Sprinkle the Toad in the Hole with salt and pepper and place on a plate with some fruit and enjoy. — Courtesy Virginia Egg Council

Toad in a Hole

1 slice of bread

1 egg

1 pat butter or margarine, a tablespoon cooking oil, or a squirt of cooking spray

Salt and pepper

Wash hands. Gather all tools and ingredients needed along with a plate.

Using a large cookie cutter, a wide rimmed glass, cup or a biscuit cutter, cut a hole out of the center of the bread.

Crack egg into a small bowl.

Heat a non-stick skillet over medium heat.

Put butter or margarine, oil or cooking spray in hot skillet.

Place bread in the skillet and pour the egg inside the hole. Place the extra bread in skillet on the side.

Cook for a few minutes, then slip a spatula under the bread with the egg inside and flip it over. Flip over the extra piece of bread, as well. Cook a few more minutes.

Sprinkle with salt and pepper and place on a plate with some fruit and enjoy.

Clean up!

Serves 1

Egg Tacos

Scoop cooked eggs into taco shell. Sprinkle on cheese and lettuce and top with salsa. Place on a plate and enjoy. — Courtesy Virginia Egg Council

2 eggs and 1 tablespoon butter or margarine

Hard or soft taco shells

Grated cheese

Shredded lettuce

Salsa

Wash hands. Gather all tools and ingredients needed along with a plate.

Crack eggs into a small bowl and beat with a fork until well blended.

Heat non-stick skillet over medium heat. Add butter or margarine and swing around pan to cover it.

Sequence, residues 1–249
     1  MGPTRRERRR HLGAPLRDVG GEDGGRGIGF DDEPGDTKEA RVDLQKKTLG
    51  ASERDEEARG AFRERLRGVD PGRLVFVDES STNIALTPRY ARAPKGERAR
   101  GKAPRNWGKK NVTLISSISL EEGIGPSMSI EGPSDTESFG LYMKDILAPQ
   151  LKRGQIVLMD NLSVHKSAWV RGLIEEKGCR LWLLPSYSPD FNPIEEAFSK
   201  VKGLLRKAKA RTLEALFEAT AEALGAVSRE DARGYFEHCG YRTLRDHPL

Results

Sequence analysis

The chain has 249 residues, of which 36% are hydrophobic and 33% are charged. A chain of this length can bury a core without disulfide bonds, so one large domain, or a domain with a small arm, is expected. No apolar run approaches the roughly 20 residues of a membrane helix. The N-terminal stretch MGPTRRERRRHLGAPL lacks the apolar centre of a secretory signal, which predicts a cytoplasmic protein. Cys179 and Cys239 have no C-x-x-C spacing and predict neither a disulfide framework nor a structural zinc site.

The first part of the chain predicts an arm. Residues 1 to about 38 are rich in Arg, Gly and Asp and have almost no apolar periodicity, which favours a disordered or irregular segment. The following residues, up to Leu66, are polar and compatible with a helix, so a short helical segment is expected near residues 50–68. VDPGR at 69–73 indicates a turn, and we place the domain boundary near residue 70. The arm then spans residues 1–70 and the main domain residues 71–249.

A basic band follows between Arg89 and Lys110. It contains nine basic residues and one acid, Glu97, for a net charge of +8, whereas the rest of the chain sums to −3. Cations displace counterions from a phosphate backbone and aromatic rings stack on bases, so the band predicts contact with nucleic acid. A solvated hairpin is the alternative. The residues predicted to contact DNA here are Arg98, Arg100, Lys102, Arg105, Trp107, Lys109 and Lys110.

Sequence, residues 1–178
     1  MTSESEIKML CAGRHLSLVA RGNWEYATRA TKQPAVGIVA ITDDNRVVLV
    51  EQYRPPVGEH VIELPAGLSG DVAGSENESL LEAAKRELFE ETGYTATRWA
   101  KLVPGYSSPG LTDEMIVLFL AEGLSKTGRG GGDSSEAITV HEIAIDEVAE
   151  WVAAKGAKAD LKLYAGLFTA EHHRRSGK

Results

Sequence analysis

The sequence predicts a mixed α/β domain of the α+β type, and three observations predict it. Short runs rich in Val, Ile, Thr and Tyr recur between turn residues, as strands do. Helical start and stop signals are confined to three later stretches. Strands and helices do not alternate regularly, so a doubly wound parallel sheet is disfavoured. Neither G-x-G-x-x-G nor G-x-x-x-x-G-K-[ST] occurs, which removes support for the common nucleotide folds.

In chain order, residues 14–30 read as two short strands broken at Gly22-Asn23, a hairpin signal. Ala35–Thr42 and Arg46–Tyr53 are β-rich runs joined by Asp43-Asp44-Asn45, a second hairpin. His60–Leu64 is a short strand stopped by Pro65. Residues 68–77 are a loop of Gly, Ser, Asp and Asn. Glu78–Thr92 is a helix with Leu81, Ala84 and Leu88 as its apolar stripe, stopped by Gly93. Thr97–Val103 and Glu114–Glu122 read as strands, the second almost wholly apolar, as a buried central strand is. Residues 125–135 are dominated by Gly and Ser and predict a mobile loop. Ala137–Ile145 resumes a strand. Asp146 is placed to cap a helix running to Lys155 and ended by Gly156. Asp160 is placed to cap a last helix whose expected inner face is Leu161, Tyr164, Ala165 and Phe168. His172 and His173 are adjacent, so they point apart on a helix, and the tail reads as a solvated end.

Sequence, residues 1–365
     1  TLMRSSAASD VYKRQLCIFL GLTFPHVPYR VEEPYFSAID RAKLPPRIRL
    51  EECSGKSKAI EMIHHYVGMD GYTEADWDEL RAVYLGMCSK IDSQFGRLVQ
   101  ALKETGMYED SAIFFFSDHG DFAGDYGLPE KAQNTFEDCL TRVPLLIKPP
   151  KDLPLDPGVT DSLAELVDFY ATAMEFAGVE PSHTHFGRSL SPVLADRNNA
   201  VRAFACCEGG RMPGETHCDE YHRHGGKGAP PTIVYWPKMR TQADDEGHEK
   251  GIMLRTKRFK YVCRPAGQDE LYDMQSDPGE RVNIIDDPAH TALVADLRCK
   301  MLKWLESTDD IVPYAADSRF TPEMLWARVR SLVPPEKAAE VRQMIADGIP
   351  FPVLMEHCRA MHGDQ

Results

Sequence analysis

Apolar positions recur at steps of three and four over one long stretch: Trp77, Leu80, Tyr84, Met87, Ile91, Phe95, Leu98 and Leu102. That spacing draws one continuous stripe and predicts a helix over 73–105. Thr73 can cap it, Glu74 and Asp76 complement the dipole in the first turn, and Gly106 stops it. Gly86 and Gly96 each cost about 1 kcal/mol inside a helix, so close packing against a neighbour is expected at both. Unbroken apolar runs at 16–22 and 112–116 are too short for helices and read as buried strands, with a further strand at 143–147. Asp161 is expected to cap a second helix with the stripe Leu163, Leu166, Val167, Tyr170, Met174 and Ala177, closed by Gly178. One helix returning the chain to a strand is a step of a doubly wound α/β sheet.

Pour eggs onto hot surface of pan, let sit about 30 seconds, then start slowly moving eggs around until nearly cooked through.

Scoop cooked eggs into taco shell. Sprinkle on cheese and lettuce and top with salsa. Place on a plate and enjoy.

Clean up!

Serves 1

French Toast

2 eggs

2 Tablespoons milk

1 tablespoon butter or margarine

2 to 4 slices of bread

Toppings: Fruit, powdered sugar, maple syrup

Wash hands. Gather all tools and ingredients needed along with 2 plates.

Crack eggs into a pie plate. Blend with a fork. Add milk and blend together.

Heat a non-stick skillet over medium heat. Add butter or margarine and swing around pan to cover it.

Dip bread in the egg/milk mixture, using a fork to turn it in the mixture, letting mixture seep in a bit.

Place egg-soaked bread in the skillet and cook a few minutes on one side. Flip, once it starts turning brown. Cook on remaining side a few minutes. Repeat with remaining bread until eggs are used up.

Lift out and place on 2 plates. Top with toppings and enjoy.

Clean up!

Serves 2

Egg Salad Open ‘Faced’ Sandwiches

6 hard-boiled eggs*

½ cup chopped celery

¼ – ½ cup mayonnaise

6 Bread slices or English muffins halves, toasted

Cherry tomatoes, pepper strips, olives

Wash hands. Gather all tools and ingredients needed along with three to six plates.

*Place 6 eggs in steamer basket in pan with 1 inch water. Cover. Heat water to simmering and steam eggs for 12 min. Chill in ice water for 15 minutes, crack all over and peel.

Place eggs in a large bowl and cut with two knives, crisscross fashion, until nicely chopped. Add the celery and just enough mayonnaise to make a smooth paste. Taste in case salt and pepper are needed (Congrats — you just made egg-salad!).

Layer egg salad on six slices of toast or English muffin halves. Decorate with cherry tomatoes for eyes, pepper strips for a smile and an olive for a nose. Place one or two ‘faces’ on each plate. Enjoy right away or refrigerate some egg salad to use later.

Clean up!

Serves 3 to 6

MARY RAPOPORT is the director of Consumer Affairs for the Virginia Egg Council. Contact her at 540-345-3958. or eggsrgr8@rev.net.